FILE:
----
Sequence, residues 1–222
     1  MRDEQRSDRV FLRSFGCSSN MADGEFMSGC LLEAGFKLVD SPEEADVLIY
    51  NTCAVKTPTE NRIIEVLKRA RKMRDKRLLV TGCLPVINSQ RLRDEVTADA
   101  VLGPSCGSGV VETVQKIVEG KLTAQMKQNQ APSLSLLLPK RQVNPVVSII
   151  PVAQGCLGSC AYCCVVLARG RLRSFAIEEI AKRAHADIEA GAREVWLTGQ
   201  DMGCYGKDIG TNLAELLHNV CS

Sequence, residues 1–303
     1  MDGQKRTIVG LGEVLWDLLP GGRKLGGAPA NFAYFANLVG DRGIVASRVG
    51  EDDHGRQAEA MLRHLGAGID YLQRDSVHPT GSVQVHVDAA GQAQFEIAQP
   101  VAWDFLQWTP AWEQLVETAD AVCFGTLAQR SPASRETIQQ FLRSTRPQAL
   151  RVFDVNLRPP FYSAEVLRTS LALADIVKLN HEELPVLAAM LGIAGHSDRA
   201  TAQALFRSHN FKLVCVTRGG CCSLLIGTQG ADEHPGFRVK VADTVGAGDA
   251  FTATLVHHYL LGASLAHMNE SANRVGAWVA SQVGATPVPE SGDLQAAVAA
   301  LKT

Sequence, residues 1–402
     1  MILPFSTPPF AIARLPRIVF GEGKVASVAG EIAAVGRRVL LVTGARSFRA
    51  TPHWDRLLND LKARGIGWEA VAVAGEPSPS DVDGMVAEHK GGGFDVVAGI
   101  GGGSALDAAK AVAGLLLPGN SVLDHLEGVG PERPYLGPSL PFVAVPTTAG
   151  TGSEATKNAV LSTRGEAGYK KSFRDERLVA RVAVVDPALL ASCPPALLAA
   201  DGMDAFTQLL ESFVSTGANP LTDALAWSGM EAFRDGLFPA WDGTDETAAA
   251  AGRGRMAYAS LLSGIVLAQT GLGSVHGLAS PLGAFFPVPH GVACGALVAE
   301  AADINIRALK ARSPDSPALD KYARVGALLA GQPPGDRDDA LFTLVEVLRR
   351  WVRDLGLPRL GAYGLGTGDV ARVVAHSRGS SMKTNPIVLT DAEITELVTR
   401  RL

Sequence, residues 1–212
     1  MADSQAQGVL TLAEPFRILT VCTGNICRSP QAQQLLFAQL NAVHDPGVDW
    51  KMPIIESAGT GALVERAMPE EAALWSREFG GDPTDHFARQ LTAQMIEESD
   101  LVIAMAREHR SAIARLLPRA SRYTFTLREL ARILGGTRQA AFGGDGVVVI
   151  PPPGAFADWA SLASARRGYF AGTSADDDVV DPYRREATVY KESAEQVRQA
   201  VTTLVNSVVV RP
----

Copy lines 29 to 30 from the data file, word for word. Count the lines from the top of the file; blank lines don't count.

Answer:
   151  PPPGAFADWA SLASARRGYF AGTSADDDVV DPYRREATVY KESAEQVRQA
   201  VTTLVNSVVV RP